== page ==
with the Second Corps and Gregg's cavalry and attacked the enemy at sunrise, turning his left flank and seizing the Malvern Hill road below the rebel battery of four guns. The Tenth Connecticut and Eleventh Maine commanded the road leading from the battery in the other direction toward Spring Hill, and opened such a heavy fire upon battery and road the guns could not be removed in that direction, hence their easy capture by the Union forces. The commanding officers of the Eleventh Maine and Tenth Connecticut were the first to reach the guns.
On the 26th the Eleventh Maine lost 23 killed and wounded, including a commissioned officer. The sharpshooters of the Tenth Connecticut twenty-two men, were engaged a portion of the time during the day and lost 6 wounded, including the officer in command. This regiment also had 2 men wounded on the morning of the 27th.
The small number of casualties, considering the close and constant fighting, was owing to the excellent cover afforded by the trees and to the skill of the men in bushwhacking. The loss of the enemy, it is believed, was ten times as many; 108 dead and wounded rebels were seen from the gun-boat lookout carried to the rear in the afternoon of the 26th, and prisoners captured on the morning of the 27th said they lost 40 men in ten minutes, when the Eleventh charged the rebels out of the rifle-pits. The rebels were in such numbers they were much exposed where exposure was almost certain death.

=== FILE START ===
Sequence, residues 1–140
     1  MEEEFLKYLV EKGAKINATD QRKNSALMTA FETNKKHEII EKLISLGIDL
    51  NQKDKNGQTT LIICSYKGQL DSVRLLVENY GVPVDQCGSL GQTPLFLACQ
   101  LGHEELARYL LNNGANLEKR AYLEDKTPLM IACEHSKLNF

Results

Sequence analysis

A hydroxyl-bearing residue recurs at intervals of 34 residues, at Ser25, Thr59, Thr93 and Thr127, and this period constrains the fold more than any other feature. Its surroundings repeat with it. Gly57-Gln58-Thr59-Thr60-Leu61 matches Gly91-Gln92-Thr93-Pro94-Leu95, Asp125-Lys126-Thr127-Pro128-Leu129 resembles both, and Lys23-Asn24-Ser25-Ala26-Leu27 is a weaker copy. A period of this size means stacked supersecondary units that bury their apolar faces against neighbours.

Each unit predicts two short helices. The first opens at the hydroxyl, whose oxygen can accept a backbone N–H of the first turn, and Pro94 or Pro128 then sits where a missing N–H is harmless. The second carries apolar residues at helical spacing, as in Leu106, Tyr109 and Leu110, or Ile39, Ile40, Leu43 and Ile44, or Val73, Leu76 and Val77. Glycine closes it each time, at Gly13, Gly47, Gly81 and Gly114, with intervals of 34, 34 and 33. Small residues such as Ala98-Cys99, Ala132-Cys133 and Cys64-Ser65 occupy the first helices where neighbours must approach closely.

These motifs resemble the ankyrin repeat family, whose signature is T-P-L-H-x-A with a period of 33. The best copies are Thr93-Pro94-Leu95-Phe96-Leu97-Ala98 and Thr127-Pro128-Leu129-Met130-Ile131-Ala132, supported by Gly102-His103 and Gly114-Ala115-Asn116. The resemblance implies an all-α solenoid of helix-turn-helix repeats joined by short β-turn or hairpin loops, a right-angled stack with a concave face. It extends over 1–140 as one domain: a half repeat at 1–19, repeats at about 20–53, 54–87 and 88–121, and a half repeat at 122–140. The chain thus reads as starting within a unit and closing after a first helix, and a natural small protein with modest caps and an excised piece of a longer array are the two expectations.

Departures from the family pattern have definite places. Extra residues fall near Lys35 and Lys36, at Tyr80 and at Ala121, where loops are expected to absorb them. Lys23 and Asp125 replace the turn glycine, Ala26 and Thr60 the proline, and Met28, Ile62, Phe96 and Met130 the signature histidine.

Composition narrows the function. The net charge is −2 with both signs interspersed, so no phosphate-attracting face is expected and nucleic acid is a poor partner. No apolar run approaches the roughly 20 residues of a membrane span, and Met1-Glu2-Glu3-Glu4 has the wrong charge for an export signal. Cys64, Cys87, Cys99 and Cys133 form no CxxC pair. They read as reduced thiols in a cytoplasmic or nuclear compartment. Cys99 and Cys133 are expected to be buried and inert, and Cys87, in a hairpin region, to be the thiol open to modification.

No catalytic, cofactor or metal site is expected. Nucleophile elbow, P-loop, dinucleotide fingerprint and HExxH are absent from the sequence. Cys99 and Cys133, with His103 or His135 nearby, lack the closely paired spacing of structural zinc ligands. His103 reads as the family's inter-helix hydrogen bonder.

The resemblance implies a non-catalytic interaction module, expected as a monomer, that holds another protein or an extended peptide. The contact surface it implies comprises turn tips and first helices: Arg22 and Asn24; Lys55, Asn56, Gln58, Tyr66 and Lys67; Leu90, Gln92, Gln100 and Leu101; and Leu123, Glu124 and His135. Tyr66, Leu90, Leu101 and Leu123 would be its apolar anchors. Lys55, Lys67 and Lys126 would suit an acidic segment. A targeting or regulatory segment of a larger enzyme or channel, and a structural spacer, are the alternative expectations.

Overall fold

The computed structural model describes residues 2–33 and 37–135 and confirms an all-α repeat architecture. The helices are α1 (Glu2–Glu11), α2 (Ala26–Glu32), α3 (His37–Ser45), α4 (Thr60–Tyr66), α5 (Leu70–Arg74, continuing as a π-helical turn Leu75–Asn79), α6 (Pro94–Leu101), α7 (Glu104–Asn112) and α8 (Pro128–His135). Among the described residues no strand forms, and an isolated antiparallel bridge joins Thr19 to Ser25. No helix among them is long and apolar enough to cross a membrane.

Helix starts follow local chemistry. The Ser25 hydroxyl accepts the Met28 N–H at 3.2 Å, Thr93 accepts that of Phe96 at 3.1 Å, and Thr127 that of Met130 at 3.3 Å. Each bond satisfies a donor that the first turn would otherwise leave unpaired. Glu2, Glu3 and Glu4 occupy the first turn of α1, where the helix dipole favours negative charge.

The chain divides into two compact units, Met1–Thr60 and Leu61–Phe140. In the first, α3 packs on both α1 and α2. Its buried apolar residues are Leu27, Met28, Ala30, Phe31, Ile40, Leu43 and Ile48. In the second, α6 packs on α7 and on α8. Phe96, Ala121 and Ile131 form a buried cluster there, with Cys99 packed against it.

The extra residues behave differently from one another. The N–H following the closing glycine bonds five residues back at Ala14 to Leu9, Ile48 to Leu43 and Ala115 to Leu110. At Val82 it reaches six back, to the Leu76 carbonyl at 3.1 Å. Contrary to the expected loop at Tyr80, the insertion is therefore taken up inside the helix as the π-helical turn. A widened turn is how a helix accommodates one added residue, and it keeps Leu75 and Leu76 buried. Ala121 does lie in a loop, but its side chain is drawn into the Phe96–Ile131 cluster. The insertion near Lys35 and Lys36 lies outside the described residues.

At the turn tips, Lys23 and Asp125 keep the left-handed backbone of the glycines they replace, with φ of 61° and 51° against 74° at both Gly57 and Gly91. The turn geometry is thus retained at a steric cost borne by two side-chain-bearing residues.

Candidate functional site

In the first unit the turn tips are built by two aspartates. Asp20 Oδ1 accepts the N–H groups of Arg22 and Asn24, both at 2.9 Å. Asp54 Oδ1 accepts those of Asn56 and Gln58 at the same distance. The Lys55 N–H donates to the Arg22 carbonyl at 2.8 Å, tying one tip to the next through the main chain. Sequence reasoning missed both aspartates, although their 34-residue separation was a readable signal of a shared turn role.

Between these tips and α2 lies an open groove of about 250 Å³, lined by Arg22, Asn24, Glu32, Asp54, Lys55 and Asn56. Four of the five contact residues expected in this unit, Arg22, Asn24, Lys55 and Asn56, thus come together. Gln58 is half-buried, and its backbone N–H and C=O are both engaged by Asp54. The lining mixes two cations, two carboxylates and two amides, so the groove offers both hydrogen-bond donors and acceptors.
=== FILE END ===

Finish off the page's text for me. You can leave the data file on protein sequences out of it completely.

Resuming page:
The conduct of the officers and men of these two regiments throughout the contest was all that could be expected or desired of the bravest men and best soldiers. To name all who deserve honorable mention would be but to call the roll of all those who were engaged. I cannot, however, omit to mention specially Lieutenant-Colonel Hill and Major Baldwin, Eleventh Maine, their services were so conspicuous. The former had the immediate command of the Eleventh, and is entitled to great credit for the admirable manner in which he fought the regiment. He was ably seconded by Major Baldwin. Lieutenant Dickinson, First Connecticut Artillery, performed excellent service with his four pieces, James rifles. Without the support of his guns success against such odds, if not impossible, would have been purchased at much greater loss of life.
I have the honor to be, captain, very respectfully, your obedient servant,
H. M. PLAISTED,
Colonel Eleventh Maine, Commanding.
Captain P. A. DAVIS,
Asst. Adjt. General, Third Brigadier, First Div., 10th Army Corps.
Numbers 258. Reports of Brigadier General John W. Turner, U. S. Army, commanding Second Division, of operations June 23-July 1 and July 30.
HEADQUARTERS SECOND DIVISION, TENTH ARMY CORPS,
Near Petersburg, Va. July 1, 1864.
COLONEL: In compliance with instructions of the major-general commanding, I have the honor to make the following report of the part this division has taken in the operations before Petersburg up to this date:
In obedience to instructions received from Major-General Butler, commanding Department of Virginia and North Carolina, "to report